The John S. and James L. Knight Foundation has announced the second year of their "Knight News Challenge," awarding up to $5 million to projects that use new media to deliver news and information to a particular geographic community. Last year they funded a range of interesting projects, from open source software to video blogs to GPS tagging. I love this one:
Oakland Jazz Scene Game: Awarded to Paul Grabowicz [University of California – Berkeley]. Re-creating
Oakland’s once vibrant jazz and blues club scene as an online video
game and virtual world. The game will allow players to experience the
club scene as it was in its heyday in the 1940s and 1950s, before it
fell victim to redevelopment schemes and urban decay.
Another games-related project is right here in New York City:
New York News Games: Awarded to Gail Robinson [Gotham Gazette]. Gotham
Gazette will develop games to inform and engage players about key
issues confronting New York City. Gotham Gazette will hold forums on
the games’ issues, report on what solutions the players developed and
relay those ideas to city officials.
If you think you have the next great news app, head to newschallenge.org and submit your proposal by October 15. The full press release after the jump…
Knight Foundation to Award Millions
For Digital Experiments in Community News
News Challenge Seeks Cutting-Edge Ideas from Anyone, Anywhere;
‘You Invent It. We Fund It!’
Do you have a big idea for informing and inspiring community using bits and bytes? Cell phone documentaries? New operating software for news collectors? Journalism games? Nothing is too far out to qualify. With the slogan “You Invent It. We Fund It!” the contest is open to community-minded innovators worldwide, from software designers to journalist to citizens and students of any age.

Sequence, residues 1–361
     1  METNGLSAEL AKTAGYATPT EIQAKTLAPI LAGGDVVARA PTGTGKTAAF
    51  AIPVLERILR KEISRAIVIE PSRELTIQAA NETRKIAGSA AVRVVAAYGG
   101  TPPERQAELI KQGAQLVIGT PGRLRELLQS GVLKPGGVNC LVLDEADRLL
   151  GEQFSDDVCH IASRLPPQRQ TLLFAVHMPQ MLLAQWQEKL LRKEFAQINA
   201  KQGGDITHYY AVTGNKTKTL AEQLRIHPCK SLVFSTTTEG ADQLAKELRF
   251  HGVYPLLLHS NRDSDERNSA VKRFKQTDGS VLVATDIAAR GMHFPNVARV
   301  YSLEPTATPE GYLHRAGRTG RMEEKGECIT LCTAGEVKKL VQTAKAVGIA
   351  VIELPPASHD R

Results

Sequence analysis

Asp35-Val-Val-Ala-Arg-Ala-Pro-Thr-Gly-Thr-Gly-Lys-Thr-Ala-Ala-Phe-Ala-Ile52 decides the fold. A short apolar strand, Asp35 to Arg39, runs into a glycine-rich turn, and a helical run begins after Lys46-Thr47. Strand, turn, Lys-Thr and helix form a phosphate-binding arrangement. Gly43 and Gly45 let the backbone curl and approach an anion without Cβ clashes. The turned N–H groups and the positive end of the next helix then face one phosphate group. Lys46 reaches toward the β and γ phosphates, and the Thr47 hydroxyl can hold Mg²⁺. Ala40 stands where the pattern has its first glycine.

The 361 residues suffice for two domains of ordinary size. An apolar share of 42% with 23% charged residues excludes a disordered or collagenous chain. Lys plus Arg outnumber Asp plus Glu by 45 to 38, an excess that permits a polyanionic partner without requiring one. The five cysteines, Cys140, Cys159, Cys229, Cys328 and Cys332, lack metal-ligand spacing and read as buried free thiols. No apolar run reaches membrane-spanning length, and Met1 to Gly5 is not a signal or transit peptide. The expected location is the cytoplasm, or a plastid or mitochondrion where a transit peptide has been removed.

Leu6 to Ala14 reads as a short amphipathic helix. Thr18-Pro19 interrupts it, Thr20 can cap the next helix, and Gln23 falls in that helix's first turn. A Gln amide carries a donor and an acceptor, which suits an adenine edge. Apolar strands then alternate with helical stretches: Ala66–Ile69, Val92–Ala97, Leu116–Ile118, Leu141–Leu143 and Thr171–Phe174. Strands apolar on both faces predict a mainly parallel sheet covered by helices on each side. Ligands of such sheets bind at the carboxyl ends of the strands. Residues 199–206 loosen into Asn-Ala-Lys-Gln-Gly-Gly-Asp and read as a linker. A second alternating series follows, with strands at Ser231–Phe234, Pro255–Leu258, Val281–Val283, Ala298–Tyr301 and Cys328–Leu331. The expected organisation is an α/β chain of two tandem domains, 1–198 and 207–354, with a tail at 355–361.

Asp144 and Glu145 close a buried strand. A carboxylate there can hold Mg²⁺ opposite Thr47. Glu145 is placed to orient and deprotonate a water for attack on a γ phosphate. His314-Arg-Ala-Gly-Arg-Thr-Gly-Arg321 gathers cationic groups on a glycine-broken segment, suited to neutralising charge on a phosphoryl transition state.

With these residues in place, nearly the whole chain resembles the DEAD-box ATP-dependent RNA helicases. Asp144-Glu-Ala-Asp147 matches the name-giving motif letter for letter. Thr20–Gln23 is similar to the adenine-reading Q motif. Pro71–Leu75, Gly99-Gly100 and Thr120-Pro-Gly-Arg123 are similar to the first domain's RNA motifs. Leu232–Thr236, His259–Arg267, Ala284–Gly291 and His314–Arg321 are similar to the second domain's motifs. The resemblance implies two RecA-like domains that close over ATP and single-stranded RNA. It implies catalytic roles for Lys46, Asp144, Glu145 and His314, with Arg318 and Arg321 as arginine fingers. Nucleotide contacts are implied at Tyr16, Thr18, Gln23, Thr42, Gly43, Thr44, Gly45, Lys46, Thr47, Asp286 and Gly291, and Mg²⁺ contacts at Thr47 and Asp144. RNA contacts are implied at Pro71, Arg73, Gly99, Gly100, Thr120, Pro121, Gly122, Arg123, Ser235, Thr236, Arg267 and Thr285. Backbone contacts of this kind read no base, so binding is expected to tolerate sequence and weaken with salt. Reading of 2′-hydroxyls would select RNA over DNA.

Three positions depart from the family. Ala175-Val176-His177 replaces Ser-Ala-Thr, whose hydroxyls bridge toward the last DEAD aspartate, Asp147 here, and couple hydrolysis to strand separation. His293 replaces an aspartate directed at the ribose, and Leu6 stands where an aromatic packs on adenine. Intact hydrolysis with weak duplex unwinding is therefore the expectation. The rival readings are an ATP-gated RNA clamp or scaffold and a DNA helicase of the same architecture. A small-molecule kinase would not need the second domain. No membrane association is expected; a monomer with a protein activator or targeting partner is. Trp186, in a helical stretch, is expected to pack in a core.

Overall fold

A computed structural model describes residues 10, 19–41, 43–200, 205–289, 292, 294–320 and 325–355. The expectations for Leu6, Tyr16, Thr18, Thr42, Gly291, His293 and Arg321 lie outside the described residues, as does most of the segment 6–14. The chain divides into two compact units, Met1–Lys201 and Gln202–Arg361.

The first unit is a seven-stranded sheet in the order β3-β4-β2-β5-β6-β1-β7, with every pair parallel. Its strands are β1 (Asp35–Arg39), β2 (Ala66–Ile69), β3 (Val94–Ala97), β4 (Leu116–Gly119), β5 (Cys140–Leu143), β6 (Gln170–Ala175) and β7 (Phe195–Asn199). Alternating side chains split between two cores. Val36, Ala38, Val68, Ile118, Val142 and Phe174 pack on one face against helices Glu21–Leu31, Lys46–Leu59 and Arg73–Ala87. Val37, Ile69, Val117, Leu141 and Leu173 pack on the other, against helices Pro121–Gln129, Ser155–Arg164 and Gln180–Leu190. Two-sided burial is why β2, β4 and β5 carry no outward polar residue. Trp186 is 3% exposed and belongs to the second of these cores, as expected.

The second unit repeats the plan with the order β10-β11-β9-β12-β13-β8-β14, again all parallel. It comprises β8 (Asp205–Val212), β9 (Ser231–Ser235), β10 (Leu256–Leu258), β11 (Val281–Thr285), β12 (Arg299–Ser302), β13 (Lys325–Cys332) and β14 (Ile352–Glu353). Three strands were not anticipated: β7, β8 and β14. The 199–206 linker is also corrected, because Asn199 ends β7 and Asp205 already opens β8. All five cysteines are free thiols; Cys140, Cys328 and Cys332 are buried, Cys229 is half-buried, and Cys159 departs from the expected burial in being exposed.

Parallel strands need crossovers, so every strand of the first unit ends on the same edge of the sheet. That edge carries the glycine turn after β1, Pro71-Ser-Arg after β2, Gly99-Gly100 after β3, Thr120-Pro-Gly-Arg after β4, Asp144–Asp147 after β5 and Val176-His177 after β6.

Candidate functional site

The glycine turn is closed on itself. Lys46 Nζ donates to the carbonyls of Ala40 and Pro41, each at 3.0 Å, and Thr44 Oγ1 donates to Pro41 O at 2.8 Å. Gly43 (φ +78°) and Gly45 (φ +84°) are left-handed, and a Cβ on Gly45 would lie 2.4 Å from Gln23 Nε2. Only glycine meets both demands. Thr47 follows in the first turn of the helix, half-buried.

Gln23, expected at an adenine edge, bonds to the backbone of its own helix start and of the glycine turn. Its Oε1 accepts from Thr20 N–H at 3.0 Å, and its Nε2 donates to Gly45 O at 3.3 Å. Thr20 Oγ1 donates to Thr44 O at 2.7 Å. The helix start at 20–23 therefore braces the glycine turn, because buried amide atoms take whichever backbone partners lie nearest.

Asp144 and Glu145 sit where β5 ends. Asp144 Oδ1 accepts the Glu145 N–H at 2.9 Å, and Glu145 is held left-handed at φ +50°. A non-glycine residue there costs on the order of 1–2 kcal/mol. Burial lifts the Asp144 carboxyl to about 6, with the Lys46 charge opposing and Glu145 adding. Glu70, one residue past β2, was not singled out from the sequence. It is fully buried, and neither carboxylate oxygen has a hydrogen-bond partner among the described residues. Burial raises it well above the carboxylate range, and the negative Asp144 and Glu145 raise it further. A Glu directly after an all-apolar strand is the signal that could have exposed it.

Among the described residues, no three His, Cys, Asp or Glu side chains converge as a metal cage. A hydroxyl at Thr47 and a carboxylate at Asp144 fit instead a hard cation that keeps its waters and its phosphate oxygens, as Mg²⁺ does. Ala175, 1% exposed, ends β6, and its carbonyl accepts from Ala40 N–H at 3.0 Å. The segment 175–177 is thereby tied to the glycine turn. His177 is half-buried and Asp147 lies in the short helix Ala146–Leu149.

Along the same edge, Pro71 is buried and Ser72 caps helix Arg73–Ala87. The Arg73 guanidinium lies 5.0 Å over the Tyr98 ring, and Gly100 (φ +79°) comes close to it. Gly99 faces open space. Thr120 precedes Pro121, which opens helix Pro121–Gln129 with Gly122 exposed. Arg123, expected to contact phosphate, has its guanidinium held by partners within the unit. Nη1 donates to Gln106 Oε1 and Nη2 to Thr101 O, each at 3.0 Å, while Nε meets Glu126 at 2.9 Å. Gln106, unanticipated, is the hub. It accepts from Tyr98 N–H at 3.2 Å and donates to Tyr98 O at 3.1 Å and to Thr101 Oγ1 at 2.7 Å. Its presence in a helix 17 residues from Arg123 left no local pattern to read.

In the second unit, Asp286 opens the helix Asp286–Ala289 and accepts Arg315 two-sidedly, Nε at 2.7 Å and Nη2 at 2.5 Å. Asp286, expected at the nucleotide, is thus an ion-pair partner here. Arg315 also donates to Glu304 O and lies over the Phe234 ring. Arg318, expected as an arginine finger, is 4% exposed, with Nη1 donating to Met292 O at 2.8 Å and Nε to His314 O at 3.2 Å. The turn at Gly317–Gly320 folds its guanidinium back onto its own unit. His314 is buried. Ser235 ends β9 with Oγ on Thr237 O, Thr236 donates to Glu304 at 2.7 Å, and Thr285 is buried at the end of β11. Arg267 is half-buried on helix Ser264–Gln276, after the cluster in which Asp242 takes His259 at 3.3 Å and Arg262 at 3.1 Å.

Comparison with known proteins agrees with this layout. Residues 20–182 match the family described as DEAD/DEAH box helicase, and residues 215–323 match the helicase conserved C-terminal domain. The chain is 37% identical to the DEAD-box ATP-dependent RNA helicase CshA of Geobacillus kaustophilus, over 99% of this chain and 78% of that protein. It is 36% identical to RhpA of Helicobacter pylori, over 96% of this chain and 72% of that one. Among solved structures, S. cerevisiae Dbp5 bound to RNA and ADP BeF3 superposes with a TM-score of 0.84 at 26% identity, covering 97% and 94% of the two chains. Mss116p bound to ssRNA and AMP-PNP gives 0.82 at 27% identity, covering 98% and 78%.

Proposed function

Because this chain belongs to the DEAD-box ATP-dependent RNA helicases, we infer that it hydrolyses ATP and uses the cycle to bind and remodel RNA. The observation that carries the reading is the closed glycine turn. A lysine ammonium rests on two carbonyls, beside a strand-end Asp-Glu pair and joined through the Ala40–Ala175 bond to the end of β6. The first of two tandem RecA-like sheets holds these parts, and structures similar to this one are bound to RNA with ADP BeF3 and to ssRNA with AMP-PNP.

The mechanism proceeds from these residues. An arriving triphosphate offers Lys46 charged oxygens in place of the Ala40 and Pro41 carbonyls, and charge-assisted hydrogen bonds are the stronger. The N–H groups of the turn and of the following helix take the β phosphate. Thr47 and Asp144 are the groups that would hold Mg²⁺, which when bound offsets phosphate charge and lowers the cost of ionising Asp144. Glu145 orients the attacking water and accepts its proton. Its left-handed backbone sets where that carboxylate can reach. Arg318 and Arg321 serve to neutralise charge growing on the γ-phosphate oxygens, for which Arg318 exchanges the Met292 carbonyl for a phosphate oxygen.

The Knight News Challenge contest aims to use digitally delivered news and information to enhance
physical communities and improve the lives of people where they live, work and vote. “Jim and Jack Knight fostered community through their newspapers,” said Alberto Ibargüen, president and CEO of Knight Foundation. “The Knight News
Challenge hopes to discover innovative ways of using cyberspace to bring communities together.”
The first year of the contest concluded with grants to 25 individuals and private and public entities ranging from MIT to MTV. Some first-year winning projects included:
- New software that links databases, allowing citizens to learn (and act on) civic information about their neighborhood or block.
- Cell phone distribution of video news reportsfrom mobile young journalists on the 2008 presidential election.
- Online games to inform and engage players about key issues confronting New York City.
- An online environment which lets citizens “play”through a complex, evolving news story through interaction with the newsmakers.
- Digital newscasts for Philadelphia’s immigrant community distributed through a new citywide wireless platform.
Winning entries must have three elements: 1) use of a digital media; 2) delivery of news or information on a shared basis to 3) a geographically defined community. Although there is a category for commercial applications, most entries are “open-source” and must share the software and knowledge created.
This year, for the first time, the web site – www.newschallenge.org – also will allow entrants to invite public comment that will help improve their entries.
“Virtual communities spring up every day. They don’t need our help. Geographic communities are the building blocks of democracy. They do need help,” said Gary Kebbel, Knight journalism program officer and the contest’s coordinator.
The foundation plans to invest at least $25 million over five years in the search for bold community
A simple online entry form is available at www.newschallenge.org. The web site will accept applications through Oct. 15. Winners should be announced by the spring of 2008.
The John S. and James L. Knight Foundation invests in journalism excellenceworldwide and in the vitality of the U.S. communities. Since 1950 the
foundation has granted more than $300 million to advance quality journalism and
freedom of expression. It focuses on projects with the potential to create
transformational change. For more, visit www.knightfoundation.org.
Foundation: (305) 908-2677, Cell: (305) 604-9500, firstname.lastname@example.org